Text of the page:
By Jesse Marx
By Chris Parker
By Jake Rossen
By Jesse Marx
By Michelle LeBow
By Alleen Brown
By Maggie LaMaack
By CP Staff
So you wanted to hit the Fringe Festival but found yourself a little short on funds? Never fear, Twin Citians, there are plenty of ways to skate on the edges of mainstream local kulchur without having to scour the couch cushions for change. From Coon Rapids to Cannon Falls, vibrant substrata are living it up free of self-consciousness, and free of charge.
Perhaps the Burnsville Civic Center's outdoor stage is a somewhat understated venue for a king--especially one known for singing "Viva Las Vegas." But what the Memories of Elvis show lacks in architectural grandeur, it more than makes up for in audience enthusiasm. The Artist Pretending to Be the King, unflappable and endearingly sincere in his white-satin jumpsuit, is surrounded by a manifestation of perpetual motion: two dozen little children who never cease dancing feverishly. Not during the long pauses on the prerecorded Elvis backup tape. Not during "Love Me Tender." Not even when a pint-size fly girl can't find her mommy. When mock-Elvis moves through the crowd to serenade grownup fans amid "Are You Lonesome Tonight?" the throng of admirers follows closely. "I feel like I'm the pied piper here, uh-huh," he jokes.
Children outside the entourage are nonetheless excited to be there, tentatively practicing Elvis swivels, shaking booties, rolling down hills, showing off newly learned back handsprings, and screaming, "We love you, Elvis!" between songs. On the grassy grounds farther from the stage, a more subtle kind of action is taking place. A single guy hits on a pretty group-home counselor who has brought her four clients to enjoy the show. A group of older kids play a fierce game of Pickle in the Middle, breaking occasionally to shout a mocking "El-vis!" Two junior-high boys practice their chip shots, dangerously close to a baby napping on a blanket.
During "Blue Hawaii," I-Can't-Believe-It's-Not-Elvis pauses to lei a middle-aged suburban woman, struggling to pull the garland down over her large, turquoise visor. For a few moments, a heavyset pubescent boy hulas delicately, momentarily freed from thoughts of the swirlies and depantsings that await him next month as he enters junior high.
THE MOST PROLIFIC remnants of the self-help-book craze, the Chicken Soup for the Soul tomes have brought tears to the eyes and smiles to the lips of Women Who Watch Oprah and Forward Annoying Joke E-Mails everywhere. Which made the reading and signing by the author of the series' latest, Chicken Soup for the Writer's Soul, at the Ridgedale Barnes & Noble, one of the must-see events of the summer. Well, of the past week, anyway.
Try as I might to conceal myself behind the humongous Harry Potter display, writer/inspirational speaker Bud Gardner notices me immediately and stops his talk to offer me a front-row seat and a complimentary Chicken Soup notepad. As Gardner prattles on Paul Harvey-style, enlightening my fellow frustrated wordsmiths and me on the road to literary success as experienced by his personal friends Alex Haley and Catherine Lanigan, my attention wanders to my peers: two twentysomething women in business casual, smiling beatifically and hanging on the speaker's every word; a Jackie Collins wannabe who presumably divides her free time between Dayton's Oval Room and the Lancôme counter; and a preteen girl trying desperately to pay attention while her best friend practices Britney Spears moves in the aisle.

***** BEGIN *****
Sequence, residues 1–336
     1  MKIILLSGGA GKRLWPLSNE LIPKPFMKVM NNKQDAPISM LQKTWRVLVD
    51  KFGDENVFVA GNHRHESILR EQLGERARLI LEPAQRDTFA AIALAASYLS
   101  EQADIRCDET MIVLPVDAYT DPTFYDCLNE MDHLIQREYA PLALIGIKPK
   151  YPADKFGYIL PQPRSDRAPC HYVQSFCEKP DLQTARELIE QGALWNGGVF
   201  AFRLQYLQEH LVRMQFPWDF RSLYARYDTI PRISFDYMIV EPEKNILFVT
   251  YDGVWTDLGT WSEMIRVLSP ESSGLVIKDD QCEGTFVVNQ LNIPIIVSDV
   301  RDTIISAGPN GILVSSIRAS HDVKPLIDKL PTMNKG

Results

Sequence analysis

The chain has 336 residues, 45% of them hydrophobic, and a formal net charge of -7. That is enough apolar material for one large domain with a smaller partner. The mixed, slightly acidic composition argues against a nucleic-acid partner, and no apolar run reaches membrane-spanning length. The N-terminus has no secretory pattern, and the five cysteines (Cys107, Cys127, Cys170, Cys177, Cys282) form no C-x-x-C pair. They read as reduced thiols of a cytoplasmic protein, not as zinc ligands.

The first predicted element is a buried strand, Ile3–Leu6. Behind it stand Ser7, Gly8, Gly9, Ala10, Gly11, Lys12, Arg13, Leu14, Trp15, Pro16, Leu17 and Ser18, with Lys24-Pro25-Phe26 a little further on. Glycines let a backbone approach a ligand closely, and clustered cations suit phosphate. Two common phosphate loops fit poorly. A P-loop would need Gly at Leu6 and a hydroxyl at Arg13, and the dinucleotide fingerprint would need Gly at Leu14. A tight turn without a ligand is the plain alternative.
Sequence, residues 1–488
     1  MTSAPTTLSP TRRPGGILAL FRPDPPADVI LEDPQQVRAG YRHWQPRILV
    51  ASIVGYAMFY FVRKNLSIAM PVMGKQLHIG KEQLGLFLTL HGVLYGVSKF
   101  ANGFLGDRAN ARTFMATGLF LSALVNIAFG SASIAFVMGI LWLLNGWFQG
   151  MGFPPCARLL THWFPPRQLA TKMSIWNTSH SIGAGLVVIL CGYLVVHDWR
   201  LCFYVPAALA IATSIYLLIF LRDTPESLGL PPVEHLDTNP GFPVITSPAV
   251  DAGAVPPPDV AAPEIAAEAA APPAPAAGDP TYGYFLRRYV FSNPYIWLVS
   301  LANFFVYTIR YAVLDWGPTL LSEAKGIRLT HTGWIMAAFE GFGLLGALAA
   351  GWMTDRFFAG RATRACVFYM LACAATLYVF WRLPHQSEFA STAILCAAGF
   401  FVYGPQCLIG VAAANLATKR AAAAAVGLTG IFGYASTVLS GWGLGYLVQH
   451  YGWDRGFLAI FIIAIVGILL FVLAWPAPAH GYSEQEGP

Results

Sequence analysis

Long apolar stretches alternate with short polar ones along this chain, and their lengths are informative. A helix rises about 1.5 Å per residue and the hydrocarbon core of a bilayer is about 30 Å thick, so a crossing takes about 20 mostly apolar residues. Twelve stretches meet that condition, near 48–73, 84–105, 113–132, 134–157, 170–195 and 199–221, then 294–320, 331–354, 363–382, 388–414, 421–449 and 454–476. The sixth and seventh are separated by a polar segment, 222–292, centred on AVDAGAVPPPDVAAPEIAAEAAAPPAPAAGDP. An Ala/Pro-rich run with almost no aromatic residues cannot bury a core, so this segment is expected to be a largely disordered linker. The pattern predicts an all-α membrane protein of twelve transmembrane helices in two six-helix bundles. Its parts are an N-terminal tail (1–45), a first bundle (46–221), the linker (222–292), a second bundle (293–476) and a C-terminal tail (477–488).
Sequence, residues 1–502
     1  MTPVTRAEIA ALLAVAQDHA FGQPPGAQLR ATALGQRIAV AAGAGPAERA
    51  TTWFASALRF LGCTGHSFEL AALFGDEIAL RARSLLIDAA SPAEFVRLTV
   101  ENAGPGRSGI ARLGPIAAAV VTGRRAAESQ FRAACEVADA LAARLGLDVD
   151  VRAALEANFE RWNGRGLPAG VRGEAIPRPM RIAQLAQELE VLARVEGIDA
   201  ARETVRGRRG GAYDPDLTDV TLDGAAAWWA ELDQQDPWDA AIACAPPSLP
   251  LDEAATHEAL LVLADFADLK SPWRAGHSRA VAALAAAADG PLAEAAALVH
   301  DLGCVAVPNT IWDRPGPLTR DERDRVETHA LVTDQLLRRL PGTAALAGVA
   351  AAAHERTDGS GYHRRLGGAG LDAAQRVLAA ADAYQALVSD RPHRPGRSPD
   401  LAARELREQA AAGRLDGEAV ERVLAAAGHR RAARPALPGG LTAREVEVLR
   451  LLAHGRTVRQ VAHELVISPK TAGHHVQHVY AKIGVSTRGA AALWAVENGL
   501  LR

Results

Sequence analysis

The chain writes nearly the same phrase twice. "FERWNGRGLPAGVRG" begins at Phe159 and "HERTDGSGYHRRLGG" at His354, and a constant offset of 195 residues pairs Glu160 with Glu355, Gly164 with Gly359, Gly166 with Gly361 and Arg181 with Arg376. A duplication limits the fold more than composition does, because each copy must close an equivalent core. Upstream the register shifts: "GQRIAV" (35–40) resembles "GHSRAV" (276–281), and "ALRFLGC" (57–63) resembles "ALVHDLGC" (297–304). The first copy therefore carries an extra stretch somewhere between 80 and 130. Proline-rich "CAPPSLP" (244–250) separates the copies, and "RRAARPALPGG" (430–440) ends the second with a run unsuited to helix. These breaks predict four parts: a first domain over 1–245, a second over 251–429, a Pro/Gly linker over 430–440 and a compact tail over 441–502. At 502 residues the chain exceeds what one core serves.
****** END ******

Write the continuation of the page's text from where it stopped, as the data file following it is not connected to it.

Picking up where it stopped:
Gardner sucks me back in by pausing dramatically and gravely uttering the mysterious phrase, "Steve Allen is a genius. Period." Though the guest of honor is standing beside a bucket of painfully fragrant chocolate-chip cookies that it never occurs to him to share (Why not a vat of chicken soup? I wonder idly), he does manage to impart some of the finer points of writing to us lowly plebes. Be creative with words when trying to sell an article to a magazine or newspaper, Gardner suggests. "Instead of 'The Art of Flying a Kite,'" he intones conspiratorially, "you put, 'The Art of Wind-Hooking.'"
This tidbit having drawn oohs and aahs from my companions, Gardner opens up the floor for questions. The youngster behind me raises her hand politely. "Um, I'm going into seventh grade and, like, my school has no, like, emphasis on creative writing and stuff and, like, it's all nonfiction and stuff, and no creative writing and, like, it's not fair." Gardner, like, advises her to write in her journal and stuff and, like, informs her of the many contests and seminars for young writers out there.
THE FIRST-ANNIVERSARY celebration of the Mercado Cooperativo at Bloomington and Lake is supposed to start at 10:00 a.m. At 10:45 they're still setting up outside, but the Mercado is already open for business, and as I browse through the Stetson hats, elaborate baby clothes, Christian artifacts, Pokémon clocks, and Dos Equis key chains, I'm greeted with friendly smiles and nods, and I get the idea that once this fiesta gets under way, it's going to be a rager.
A couple of children run free, but most are helping their parents prepare to staff the small tents lining both sides of the street. Left unattended, one lucky little boy is sitting atop a display table, digging into a jar of candy. Two young men busily unpack a crateful of bronze chickens for their mother, while a two others sit on the curb waiting for the girls to show up. Lively music emanates from the Maranatha Assembly of God booth, whose attendants chatter with visitors in a never-ceasing bilingual patois.